PILOT: Partnership Development Project


For several decades, Canada has funded or otherwise supported many human rights, judicial strengthening, institution building, democratization, and poverty alleviation efforts and struggles in Nigeria and in many parts of the rest of the West African sub-continent. Such support/cooperation, the anecdotal evidence suggests, has played an important socio-political role in this sub-region. Yet, the nature, attainments, problems, and prospects of such Canadian-West African human rights cooperation has not been as rigorously studied and widely understood in the scholarly (as opposed to merely the NGO and government) literature as might be expected.

The relevant scholarly literature is thus relatively inadequate. Neither Howard-Hassman’s important 2004 piece on the Canadian intervention regarding the flogging of Bariya Magazu by the authorities in one far Northern Nigerian state (province), nor Sonia Cardenas’ exploration of the various ways in which the Canadian Human Rights Commission has sought to assist national human rights bodies around the world (including in Nigeria) come close to filling this huge gap in the literature (see Howard-Hassman, 2004; Cardenas, 2003).

Similar points can be made concerning “Roundtable on Nigeria” 1998; Feyisetan 1998; Reliefweb 2001; Aiyede 2004; and CIDA 2009. As such, Canadian/West African policymakers, development practitioners, and scholars will benefit significantly from any additional insight into the afore-referenced questions. So will many among the lettered and relevant segments of the Canadian/West African public.


This project is inherently socio-legal and multidisciplinary. Thus, the methodology adopted to execute it reflects this imperative. As such, the deployment of more social studies methods, such as the identification and review of relevant government, international organization (e.g. UN), and civil society documents, the review of relevant information in the mass media, and the conduct of interviews with relevant key informants is accompanied by the identification, selection and analysis of a pool of relevant legal sources, such as human rights legislation, cases, and treaties, and other kinds of international agreements.

The deployment of the more social studies methods that were mentioned above is geared toward developing as full and broad an appreciation and understanding of the actual “living” realities of Canadian/Nigerian human rights cooperation as possible. To this and similar ends, key informants are chosen and interviewed (in Canada, Nigeria, and Geneva), from civil society groups, the ranks of government officials (especially foreign service and justice ministry officers and officials of national human rights institutions), judges, and legislators.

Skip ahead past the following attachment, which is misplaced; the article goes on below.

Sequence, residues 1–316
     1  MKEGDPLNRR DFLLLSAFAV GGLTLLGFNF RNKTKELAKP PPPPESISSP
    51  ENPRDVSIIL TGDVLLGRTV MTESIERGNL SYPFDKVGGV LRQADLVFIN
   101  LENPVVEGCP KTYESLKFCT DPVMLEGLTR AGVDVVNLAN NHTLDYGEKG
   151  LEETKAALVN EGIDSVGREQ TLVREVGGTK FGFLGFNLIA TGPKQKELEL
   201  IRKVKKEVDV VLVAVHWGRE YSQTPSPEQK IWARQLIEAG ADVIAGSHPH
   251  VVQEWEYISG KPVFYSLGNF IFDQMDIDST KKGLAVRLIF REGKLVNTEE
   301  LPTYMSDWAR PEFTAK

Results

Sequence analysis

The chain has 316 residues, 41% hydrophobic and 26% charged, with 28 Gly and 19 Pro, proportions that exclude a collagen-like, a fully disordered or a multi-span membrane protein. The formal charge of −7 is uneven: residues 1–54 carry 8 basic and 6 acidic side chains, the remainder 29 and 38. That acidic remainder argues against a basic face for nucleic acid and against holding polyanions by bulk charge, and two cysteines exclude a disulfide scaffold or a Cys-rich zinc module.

The interview sample is selected purposively, rather than randomly. Purposive sampling is preferred here because of the unacceptably high risk, if random sampling is adopted, of missing most of the valuable evidence that is sought. In-depth unstructured interviews are also preferred as they have proven to be significantly better at eliciting frank and honest responses in the context of human rights research, and because they allow the researcher to offer thicker description and analyses of the relevant phenomena. Interviews in Canada are conducted by a mixed team of Canadian/Nigerian researchers, and interviews in Nigeria are similarly conducted by a mixed Canadian/Nigerian team. This maximises the benefits to the research process of the strengths that each partner brings to the project.

Relevant documents produced by all of the relevant institutions were analysed, including UN reports/records/proceedings, reports produced by relevant government departments, NGO reports, records of legislative proceedings (Hansards), etc. In addition, the major newspapers and relevant academic journals were also canvassed and studied. The identified and selected human rights legislation, cases, and treaties, and other kinds of international agreements were analyzed with the three theoretical apparatuses that frame this study of Canadian/Nigerian cooperation (i.e. the constructivist, sovereignty and human rights, and Baxian TREMF theories). These frameworks guided the analysis of the evidence produced through the interview process. Overall, the approach adopted was by collecting all the relevant evidence (whether primary or secondary) and examining their orientation in the light of the relevant theoretical/policy frameworks. Thus, in stage one, every effort was made to collect all the relevant evidence. In stage two, the collected “data” was analyzed systematically against each of the three theoretical/policy frameworks that guided the study, and then draft papers produced. And in stage three, the results were finally “written up” for publication/dissemination in various forms and fora.

Project Timeline


Workshop on Canadian- Nigerian Human Rights Cooperation (1999-2011) held on May 8-10, 2014 at Osgoode Hall Law School.

Osgoode/NIALS/CENSOJ Partnership Development Program Workshop on Canadian-Nigerian Human Rights Engagements: A Critical Assessment held on June 1-2, 2015 at the National Judicial Institute, Airport Road, Abuja.

Key Participants and Speakers

Professor Obiora Okafor, Osgoode Hall Law School

Professor Lorne Sossin, Dean, Osgoode Hall Law School

Professor Annie Bunting, York University

Professor Faisal Bhabha, Osgoode Hall Law School

Professor Paul Ocheje, University of Windsor

Professor Pablo Idahosa, York University

Professor Bruce Ryder, Osgoode Hall Law School

Professor Deji Adekunle, Nigerian Institute of Advanced Legal Studies

Professor Dakkas CJ Dakkas, Nigerian Institute of Advanced Legal Studies

Dr Fatima Waziri-Azi, Nigerian Institute of Advanced Legal Studies

Dr Cyril Gwam, Nigerian High Commission, UK

Dr. Basil Ugochukwu ,CIGI Canada/ Osgoode Hall Law School

Dr. Ibe Ifeakandu, Nigerian Institute of Advanced Legal Studies

Dr. Mosope Fagbongbe, formerly of the University of British Colombia

Dr Udoka Owie, Baze University, Abuja

Dr. Izevbuwa Ikhimiukor, formerly of Middlesex University

Zachary Lomo, Osgoode Hall Law School

Terrine Friday, Osgoode Hall Law School